A fact is the object of a statement that is true.
Truth is a condition of propositions satisfied when utterance corresponds to what is. For example, "2 + 2 = 4" is a mathematically, or axiomatically true proposition. The truth of "all dividends require financing" is self-evident when you know the meanings of "dividend", "require" and "financing". "The Earth is roughly 93 million miles from the Sun" is empirically true and is falsifiable (you need only demonstrate that the earth is not roughly 93 million miles from the sun to show that the statement is false.) "I feel glad" is a statement of self-knowledge and true when uttered sincerely (Note that this is a case of what is "true to you" tho it is not empirically verifiable by anyone other than the particular self uttering the statement). In each instance of the preceding true statements, they follow the form of "P" iff P, or, the proposition "P" is true if and only if P is the case, i.e. the correspondence of utterance and what is.
Reality in the sense you describe is psychological (i.e. reality "to you"), not philosophical (what is). Reality simply is what is, i.e., reality (the world, the case, states of affairs) is that which is known, i.e. reality is that which is empirically verified and knowledge of reality is empirical verification of what is (else how do you know what is?) As you have asked this is a philosophy forum, it is worth pointing out that philosophy translates from the Greek through the Latin to love of wisdom. Love in the sense of original utterance was akin to virtue, respect or reverence. Wisdom has often been called the intelligent application of knowledge, but, intelligent according to whom? Wisdom, for all that is said of it, simply obtains knowledge. Without knowledge to be obtained, there is no philosophy to be had or done. Philosophy, to be redundant, is respect for obtaining empirical verification. For example, if you look at the etymology of psychology, you will see it derives from soul, spirit, breath and self. In the former two instances, the term is imponderable and no knowledge is to be obtained. Of the latter two, the first is in the domain of biology (specifically physiology) and the second is of interest to the philosophy of psychology inasmuch as it is worth pointing out that only you can empirically verify whether or not you feel glad when you state, "I feel glad".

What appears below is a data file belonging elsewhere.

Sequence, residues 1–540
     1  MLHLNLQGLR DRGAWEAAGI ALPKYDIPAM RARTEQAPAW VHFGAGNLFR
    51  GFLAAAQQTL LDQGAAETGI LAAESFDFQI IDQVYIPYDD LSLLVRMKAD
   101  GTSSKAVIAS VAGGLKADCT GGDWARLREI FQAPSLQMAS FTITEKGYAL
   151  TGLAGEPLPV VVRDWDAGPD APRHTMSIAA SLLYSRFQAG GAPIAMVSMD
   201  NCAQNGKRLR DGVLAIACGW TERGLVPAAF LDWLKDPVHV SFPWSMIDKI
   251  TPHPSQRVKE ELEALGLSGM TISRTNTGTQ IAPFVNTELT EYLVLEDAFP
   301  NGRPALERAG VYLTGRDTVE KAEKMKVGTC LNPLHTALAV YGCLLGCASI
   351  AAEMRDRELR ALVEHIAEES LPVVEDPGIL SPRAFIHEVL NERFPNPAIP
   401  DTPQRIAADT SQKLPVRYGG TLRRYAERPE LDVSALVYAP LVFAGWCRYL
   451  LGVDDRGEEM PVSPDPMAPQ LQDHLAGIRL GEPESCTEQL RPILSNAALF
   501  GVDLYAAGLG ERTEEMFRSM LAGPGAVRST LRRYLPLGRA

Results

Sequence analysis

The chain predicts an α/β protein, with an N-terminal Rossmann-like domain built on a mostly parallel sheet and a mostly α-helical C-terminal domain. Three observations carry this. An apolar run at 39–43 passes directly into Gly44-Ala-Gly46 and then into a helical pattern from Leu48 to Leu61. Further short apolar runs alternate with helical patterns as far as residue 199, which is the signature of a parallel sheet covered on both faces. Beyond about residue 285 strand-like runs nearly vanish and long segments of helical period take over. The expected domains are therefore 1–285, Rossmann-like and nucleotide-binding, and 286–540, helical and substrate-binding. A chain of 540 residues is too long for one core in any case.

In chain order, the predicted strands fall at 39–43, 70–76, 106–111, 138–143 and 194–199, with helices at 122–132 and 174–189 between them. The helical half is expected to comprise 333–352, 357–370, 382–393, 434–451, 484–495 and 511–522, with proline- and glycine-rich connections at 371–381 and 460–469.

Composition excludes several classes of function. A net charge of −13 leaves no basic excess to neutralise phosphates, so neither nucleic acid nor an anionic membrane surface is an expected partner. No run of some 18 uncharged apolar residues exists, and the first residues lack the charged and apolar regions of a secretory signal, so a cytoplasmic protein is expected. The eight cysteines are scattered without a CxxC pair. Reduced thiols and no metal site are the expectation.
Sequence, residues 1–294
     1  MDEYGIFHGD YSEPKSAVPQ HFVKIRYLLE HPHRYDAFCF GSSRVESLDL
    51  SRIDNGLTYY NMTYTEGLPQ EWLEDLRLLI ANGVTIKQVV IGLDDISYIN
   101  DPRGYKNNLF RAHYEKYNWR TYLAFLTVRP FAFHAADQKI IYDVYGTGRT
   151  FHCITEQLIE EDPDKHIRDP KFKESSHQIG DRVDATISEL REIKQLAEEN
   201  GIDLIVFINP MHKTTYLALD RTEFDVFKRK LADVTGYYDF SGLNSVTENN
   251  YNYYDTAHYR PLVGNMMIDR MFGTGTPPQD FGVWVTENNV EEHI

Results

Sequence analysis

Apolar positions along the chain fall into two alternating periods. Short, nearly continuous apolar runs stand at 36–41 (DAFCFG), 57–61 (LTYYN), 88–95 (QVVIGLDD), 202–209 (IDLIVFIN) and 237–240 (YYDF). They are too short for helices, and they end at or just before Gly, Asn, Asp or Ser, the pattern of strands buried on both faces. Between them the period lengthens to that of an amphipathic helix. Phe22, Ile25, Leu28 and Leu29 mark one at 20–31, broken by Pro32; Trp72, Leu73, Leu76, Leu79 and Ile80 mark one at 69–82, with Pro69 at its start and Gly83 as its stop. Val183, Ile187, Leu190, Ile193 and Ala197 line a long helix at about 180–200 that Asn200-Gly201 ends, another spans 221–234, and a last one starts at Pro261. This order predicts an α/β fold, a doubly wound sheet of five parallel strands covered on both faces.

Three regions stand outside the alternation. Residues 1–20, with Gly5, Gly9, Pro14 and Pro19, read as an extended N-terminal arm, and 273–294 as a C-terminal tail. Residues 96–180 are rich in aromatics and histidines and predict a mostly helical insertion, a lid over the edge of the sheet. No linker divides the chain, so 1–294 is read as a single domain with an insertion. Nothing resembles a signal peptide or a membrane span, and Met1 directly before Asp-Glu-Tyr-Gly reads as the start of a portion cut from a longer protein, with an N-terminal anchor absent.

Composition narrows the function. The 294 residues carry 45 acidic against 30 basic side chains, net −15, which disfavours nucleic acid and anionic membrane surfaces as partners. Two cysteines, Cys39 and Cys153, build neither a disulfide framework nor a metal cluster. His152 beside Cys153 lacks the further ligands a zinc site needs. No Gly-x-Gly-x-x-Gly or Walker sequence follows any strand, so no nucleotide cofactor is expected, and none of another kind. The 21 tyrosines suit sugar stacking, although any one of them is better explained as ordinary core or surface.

As for your assertions, it is not that a fact cannot be disproved, it is that it can be falsified and it is verified. To disprove the fact that "all ravens are black" one need merely demonstrate a single instance of a non-black raven. To disprove the statement "it is raining" one need only look outside and see that it is, in fact, sunny.
Truth is not a matter of belief. It may be "true to you" that Angelina is better off without Brad, but it is true that Angelina has filed for divorce. It may be "true to you" that two plus two equals five, but if you stand two plus two feet from a train track and jump the distance as a train happens by and are thinking you've a foot to spare, you'll likely never set foot in a philosophy forum again ;) It might be true to you that the world is flat and if so likely any demonstration to the contrary will fall flat short of launching you into space and circumnavigating the Earth so you can empirically verify it's non-flatness with your own senses.
As for your conception of reality, in addition to distinguishing what is true from what is "true to [you; me; us; them]", also consider the difference between the object (e.g. the world) and the content (e.g. propositions about the world).
Hope that helps.